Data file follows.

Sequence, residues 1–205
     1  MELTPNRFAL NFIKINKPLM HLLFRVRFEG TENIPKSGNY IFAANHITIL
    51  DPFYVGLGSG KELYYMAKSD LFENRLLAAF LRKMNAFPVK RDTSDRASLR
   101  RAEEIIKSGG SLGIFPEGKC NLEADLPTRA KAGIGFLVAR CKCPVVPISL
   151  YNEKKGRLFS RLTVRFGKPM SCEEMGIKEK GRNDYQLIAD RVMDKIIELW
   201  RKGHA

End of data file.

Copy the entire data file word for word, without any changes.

Sequence, residues 1–205
     1  MELTPNRFAL NFIKINKPLM HLLFRVRFEG TENIPKSGNY IFAANHITIL
    51  DPFYVGLGSG KELYYMAKSD LFENRLLAAF LRKMNAFPVK RDTSDRASLR
   101  RAEEIIKSGG SLGIFPEGKC NLEADLPTRA KAGIGFLVAR CKCPVVPISL
   151  YNEKKGRLFS RLTVRFGKPM SCEEMGIKEK GRNDYQLIAD RVMDKIIELW
   201  RKGHA